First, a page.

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She and her husband collect British royal commemoratives. I do not know what to do about it;—but if I must give up the Princess, I am resolved at least always to think that she would have been respectable, if the Prince had behaved only tolerably by her at first.— But why should Jane Austen have “hated” George Augustus Frederick—Prince of Wales from his birth until 1811, Prince Regent from 1811 to 1820, and King George IV from 1820 to his death in 1830?to her longtime friend and housemate, Martha Lloyd: I suppose all the World is sitting in Judgement upon the Princess of Wales’s Letter. An obvious reason was that “Prinny,” as many impudent subjects called him, was an easy figure to despise.The next morning, however, she fled for the Continent.She returned in autumn 1785 on the condition that a religiously valid (though secret) marriage would take place, which it did in December when a Church of England priest was bribed to conduct it.(For example, he would be largely unable to create peerages, award pensions, or make official appointments.) In any case, the King was declared out of danger by February 1789, before this bill could be passed—and Prinny emerged with an even more tarnished reputation. Instead, she liked to flirt, brazenly and without subtlety of manner, and it was rumoured that her governess followed her around at dances to prevent her embarrassing herself “by indecent conversations with men.” (3-4) Worst of all, the Princess was conspicuous for her body odor even in this unwashed age, whereas Prinny himself, a noted dandy, was unusually fastidious.
He disregarded several inconvenient facts: she was a devout Catholic, and she refused to become his mistress.
Fitzherbert was waning, and he was even further in debt (£630,000 by 1795! He thus decided to start looking for a “legitimate” wife so that Parliament would increase his regular stipend from the Civil List and cover his debts. By eighteenth-century standards of behaviour she was too unpredictable, and had too little regard for etiquette. The convoy escorting Caroline across the Channel did not depart until early 1795 because of diplomatic delays and war on the Continent. Francis Austen on HM Sloop Lark [Southam 228].) At Prinny and Caroline’s first encounter on 5 April, he recoiled and gasped to Malmesbury, “I am not well. and the whole [scene] resembled a bad brothel much more than a palace.” (Smith 73) Nevertheless, Princess Charlotte of Wales was born on 7 January 1796, almost precisely nine months after the wedding.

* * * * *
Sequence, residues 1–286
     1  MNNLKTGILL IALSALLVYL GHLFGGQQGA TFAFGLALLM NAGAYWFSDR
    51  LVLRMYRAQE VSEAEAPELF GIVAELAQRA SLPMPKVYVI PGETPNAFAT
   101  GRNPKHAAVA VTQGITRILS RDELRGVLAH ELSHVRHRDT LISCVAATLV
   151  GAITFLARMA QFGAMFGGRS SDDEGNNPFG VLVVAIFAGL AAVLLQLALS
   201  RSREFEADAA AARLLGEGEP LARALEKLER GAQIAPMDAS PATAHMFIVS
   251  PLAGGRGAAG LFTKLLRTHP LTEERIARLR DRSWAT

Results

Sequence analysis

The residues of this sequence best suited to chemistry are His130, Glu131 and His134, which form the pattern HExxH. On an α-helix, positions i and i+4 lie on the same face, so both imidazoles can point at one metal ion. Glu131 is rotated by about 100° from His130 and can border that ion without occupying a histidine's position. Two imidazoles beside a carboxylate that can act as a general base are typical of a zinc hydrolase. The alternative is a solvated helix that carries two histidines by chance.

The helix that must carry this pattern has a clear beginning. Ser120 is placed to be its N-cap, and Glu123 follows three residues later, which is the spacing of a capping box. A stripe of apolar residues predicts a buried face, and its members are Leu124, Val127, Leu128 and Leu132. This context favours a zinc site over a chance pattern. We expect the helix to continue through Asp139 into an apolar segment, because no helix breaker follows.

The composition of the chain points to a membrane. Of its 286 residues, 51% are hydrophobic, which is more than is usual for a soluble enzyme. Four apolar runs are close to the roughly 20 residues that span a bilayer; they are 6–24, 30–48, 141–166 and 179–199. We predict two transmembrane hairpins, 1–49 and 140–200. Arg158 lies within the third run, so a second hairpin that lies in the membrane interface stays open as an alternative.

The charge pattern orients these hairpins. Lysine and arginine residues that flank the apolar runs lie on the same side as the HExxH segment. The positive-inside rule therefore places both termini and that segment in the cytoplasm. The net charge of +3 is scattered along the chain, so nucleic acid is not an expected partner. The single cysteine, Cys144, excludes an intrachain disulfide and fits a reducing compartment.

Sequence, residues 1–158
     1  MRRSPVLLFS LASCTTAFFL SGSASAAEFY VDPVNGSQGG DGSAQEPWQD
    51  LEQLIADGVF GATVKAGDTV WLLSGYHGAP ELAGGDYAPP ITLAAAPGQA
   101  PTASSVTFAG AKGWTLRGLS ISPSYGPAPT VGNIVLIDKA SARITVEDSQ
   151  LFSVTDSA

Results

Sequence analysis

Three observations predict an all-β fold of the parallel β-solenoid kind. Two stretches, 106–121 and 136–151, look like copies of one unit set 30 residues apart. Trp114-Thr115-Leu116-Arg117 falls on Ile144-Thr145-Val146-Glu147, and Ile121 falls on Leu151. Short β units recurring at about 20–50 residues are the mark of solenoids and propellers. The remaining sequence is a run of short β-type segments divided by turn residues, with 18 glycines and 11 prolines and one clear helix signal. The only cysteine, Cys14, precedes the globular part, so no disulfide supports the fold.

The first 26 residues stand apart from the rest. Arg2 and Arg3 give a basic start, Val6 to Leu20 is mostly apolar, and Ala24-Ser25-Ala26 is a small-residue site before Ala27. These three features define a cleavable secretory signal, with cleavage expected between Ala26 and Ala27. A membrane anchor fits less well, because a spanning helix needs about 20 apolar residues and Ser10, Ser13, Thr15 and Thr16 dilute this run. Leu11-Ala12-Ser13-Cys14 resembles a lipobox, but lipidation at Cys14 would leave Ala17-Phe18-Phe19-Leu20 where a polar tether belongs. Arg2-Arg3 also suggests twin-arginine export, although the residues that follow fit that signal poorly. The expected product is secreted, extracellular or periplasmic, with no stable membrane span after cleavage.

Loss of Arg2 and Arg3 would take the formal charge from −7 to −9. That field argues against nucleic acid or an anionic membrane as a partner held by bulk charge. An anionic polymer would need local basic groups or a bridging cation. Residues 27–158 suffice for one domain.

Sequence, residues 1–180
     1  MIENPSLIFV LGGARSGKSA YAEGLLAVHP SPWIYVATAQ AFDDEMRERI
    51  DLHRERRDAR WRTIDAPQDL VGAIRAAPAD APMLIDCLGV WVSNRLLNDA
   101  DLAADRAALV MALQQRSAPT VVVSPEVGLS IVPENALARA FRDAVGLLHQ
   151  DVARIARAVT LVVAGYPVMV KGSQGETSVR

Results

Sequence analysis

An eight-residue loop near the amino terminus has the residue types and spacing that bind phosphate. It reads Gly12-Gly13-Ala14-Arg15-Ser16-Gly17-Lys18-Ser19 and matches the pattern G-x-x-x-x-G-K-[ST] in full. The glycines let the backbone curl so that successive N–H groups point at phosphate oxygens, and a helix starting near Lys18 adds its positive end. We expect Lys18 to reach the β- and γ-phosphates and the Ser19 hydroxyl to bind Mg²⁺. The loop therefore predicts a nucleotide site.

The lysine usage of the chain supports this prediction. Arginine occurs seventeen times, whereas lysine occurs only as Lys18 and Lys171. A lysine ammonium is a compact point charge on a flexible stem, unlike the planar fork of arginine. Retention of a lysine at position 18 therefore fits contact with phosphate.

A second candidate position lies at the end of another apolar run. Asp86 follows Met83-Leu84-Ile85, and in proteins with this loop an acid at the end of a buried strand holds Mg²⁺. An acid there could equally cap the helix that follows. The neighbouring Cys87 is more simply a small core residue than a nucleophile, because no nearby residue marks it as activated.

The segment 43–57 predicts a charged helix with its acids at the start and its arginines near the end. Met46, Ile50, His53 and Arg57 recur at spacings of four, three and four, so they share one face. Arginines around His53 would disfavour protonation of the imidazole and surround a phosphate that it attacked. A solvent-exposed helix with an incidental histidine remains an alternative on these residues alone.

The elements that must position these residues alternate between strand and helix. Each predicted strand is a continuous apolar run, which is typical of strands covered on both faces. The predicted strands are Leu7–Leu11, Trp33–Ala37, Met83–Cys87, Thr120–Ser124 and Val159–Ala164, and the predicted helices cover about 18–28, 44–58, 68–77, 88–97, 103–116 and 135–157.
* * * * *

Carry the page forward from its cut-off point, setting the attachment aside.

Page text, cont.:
Declaring that “any damn’d German frau would do” (qtd in Smith 71), he settled hastily—and perhaps with some malicious help from his new mistress, Lady Jersey—on Princess Caroline of Brunswick. playful, extrovert nature—which sometimes bordered on exhibitionism—made her an entertaining companion. Pray get me a glass of brandy” (qtd in Hibbert 194). For the next year, Prinny kept Caroline a virtual prisoner at Carlton House while he went his customary way.
I am more interested in how Austen developed her view of Prinny—which I believe was already fixed by the time of the Emma dedication. D.” (George III by the Grace of God, King of Great Britain, France and Ireland, Defender of the Faith). But, just as he knew every facing of every military uniform and did not know why the American colonies were rumbling with dissatisfaction, so he had no particularly good grasp of his children’s different personalities.
I have three goals here: to summarize enough of Prinny’s iniquities to justify Austen’s dim view of him; to present some possible reasons—linked to her early life in Steventon, Hampshire, and to two of her beloved brothers—why Austen might have disdained Prinny even more strongly than the average literate Briton did; and to make some broad suggestions about how Austen’s view of Prinny might have influenced both her Juvenilia and her mature work. The sentiment on the reverse, “Patriae Ovanti/Coronat. Sept/MDCCLXI” (For His Rejoicing Country/Crowned 22 September 1761), was not, as far as I know, repeated on any commemorative medals for Prinny’s coronation. In the next twenty-one years, he was joined by fourteen brothers and sisters. was prone to go up and check on his sleeping children at six in the morning. (Fraser, Princesses 14) George III’s grasp of Prinny’s personality was especially poor, as it was the polar opposite of his own: unrestrained, self-indulgent, and emotional to the point of hysteria.